Unremarkable! I suppose if you were suddenly put on a spot and had to choose a single word to describe Deborah Patterson, that would be it. You would not have chosen the word in a cruel way, it merely meant that she didn’t stand out in a crowd.
Now in her early fifties, for anybody that bothered to look there were telltale lines etched around the eyes on a face, pretty rather than beautiful, that foretold a life that had had its fair share of pain and sorrow. However, you could see pride and achievement there as well. It showed in her very bearing; the blue eyes were clear and sharp, the head held high above a petite body well cared for but well hidden under her every day clothes, which, it had to be said, were equally unremarkable.
It was as if she deliberately went out of her way not to draw any unnecessary attention to herself. That said, for the most part she was exactly like the rest of us, merely placing one foot in front of the other from one end of life to the other in the vain hope that we may achieve something of meaning or at the very least have some fun along the way.
She led an unremarkable life; long since divorced, she had created her own snug little world. She had her independence, her little house, a little car, and she had Buddy, her ginger tomcat. She had a wonderful daughter, whom she adored, now sadly away at a university and rapidly developing a life of her own; but to fill the loneliness, she had her little job at a local supermarket that helped pay the bills.
Now thanks to an online dating website, she had met the first decent man she had had in a long time. Before signing up to the site, a friend had remarked, “Be warned my dear; you’ll have to kiss a lot of frogs before you find your prince.” The friend had been right, but things were definitely looking up… that was until today!
Today was distinctly different. Today, the inner confidence was replaced with confusion tinged with more than a little fear. She found herself sitting naked on the edge of a strange bed looking at a strange image in the big mirror on the opposite wall. The face and the body were hers, but what the hell had she done to her hair? It had been cut short, badly, as if she had done it herself with a pair of blunt scissors. The colour was different too, it was much darker than it should be. But even more to the point; where the hell was she?
In a hotel room, that much was obvious, a nervous glance in the mirror at the state of the bed told her that she had slept alone. This came as a great relief, losing your mind or your memory is one thing; but she hadn’t lost her memory, or at least not all of it.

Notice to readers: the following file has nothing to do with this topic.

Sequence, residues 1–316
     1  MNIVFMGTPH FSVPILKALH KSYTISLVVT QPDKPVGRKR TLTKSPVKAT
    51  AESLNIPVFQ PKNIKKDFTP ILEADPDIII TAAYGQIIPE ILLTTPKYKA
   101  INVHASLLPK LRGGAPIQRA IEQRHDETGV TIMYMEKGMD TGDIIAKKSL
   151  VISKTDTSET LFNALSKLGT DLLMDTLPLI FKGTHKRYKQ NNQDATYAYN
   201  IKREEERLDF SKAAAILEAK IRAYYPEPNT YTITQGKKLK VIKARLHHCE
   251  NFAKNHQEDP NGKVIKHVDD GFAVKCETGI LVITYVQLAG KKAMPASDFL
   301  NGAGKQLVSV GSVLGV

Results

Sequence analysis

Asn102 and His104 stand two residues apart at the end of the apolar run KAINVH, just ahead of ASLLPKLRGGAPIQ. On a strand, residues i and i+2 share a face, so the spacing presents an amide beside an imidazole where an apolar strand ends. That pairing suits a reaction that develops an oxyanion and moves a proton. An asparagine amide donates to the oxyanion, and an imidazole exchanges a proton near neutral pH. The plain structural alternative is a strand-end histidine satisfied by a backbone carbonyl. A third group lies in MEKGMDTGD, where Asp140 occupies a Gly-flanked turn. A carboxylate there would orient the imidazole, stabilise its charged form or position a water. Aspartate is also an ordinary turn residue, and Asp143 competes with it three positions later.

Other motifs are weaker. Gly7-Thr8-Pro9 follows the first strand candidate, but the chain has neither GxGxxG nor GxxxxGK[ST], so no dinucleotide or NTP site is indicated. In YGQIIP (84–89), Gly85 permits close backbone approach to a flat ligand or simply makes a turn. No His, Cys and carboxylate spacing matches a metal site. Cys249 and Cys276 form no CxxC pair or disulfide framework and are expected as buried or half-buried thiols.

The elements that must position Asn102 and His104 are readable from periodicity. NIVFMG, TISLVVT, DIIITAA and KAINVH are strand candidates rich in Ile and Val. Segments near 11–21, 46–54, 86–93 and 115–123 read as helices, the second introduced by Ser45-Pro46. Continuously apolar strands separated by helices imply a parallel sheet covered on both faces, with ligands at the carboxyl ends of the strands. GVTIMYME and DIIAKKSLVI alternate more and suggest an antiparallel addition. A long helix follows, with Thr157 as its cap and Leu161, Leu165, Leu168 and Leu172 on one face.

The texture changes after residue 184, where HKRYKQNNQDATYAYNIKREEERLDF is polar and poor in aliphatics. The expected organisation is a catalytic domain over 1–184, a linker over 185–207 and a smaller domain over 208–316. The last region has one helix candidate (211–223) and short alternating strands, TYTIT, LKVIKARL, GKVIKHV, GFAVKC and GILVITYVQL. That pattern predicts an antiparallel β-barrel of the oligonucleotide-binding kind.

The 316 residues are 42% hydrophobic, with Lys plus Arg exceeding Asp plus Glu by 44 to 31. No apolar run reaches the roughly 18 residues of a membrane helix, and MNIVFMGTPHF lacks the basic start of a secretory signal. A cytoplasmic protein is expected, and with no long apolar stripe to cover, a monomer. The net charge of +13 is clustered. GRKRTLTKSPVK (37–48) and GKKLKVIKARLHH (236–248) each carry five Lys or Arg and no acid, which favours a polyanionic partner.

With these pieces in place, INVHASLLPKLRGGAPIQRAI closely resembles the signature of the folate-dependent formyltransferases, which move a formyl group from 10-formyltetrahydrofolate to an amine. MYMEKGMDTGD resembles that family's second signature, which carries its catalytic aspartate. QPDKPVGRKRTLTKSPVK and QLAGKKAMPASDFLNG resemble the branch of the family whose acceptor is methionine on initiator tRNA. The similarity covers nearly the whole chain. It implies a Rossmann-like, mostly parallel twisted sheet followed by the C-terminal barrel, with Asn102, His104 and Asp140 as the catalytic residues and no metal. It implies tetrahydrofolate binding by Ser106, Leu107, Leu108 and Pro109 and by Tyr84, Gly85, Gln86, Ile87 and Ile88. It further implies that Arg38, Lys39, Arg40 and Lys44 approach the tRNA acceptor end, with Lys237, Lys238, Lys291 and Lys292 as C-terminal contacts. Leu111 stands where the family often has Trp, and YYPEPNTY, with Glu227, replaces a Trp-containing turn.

She knew her name and could think of a hundred related things about her life, her daughter, her job. “Oh Hell! My job, what time is it”, she looked for her watch and couldn’t find it. Her eyes tore round the room until settling on a battered old alarm clock on the far side of the bed. It said quarter to ten, but was that morning or night? She rose and wandered to the window, and pulled the curtain back a crack. The daylight hit her eyes, making her shut the curtains quickly as she staggered back into the darkened room.
Well, that was that, nearly ten o’clock in the morning, late for work and the assured argument with that bitch of a supervisor to look forward to later.
She wandered into the tiny bathroom and ran some water into the basin, but as she put her hands into the warm water the blood froze in her veins. The water was turning pink as she rubbed her hands together. Quickly, she pulled her hands out of the water and looked at them more closely. There was no cut or old wound, but there was a distinct dark red staining over much of her right hand and lower forearm. She tore at the wrapping covering the ridiculously tiny bar of soap in the wash hand basin and plunged her hands back into the water scrubbing at the dark stains. She started to feel sick as the water turned a deeper shade of pink and headed towards red.
Suddenly, washing her hands was not enough, she looked at the shower unit in the corner and turned the water full on. Testing the temperature, she stepped under the hot flow of water and let it hit her full in the face. As she eased forward stooping below the showerhead, a new sensation hit her and she nearly screamed as this water too changed colour. Not, red, thank God, but brown as it streamed over her body. Some form of cheap theatrical hair dye flooded out of her hair, over her body and down the drain. Twisting and turning this way and that, she scrubbed every inch of herself with that stupid little bar of soap until the stains disappeared and the water ran clear.
Drained emotionally, she towelled herself dry and went in search of her clothes; only these weren’t her clothes. These were the clothes of an old woman, they were rough country clothes and they were not too clean; they smelled of… well, she didn’t want to dwell on what they smelled like.
She found a bag of sorts pushed slightly under the bed, and was somewhat relieved to at least find her car keys and a small purse that she recognized as hers. In the purse there were a few pounds in cash and her credit cards. No problem when checking out then.
She checked the room thoroughly looking in every drawer, nook and cranny for what? Well, anything, but she came up empty-handed. That rough bag and these clothes was it, all she had in the world; well this world anyway.
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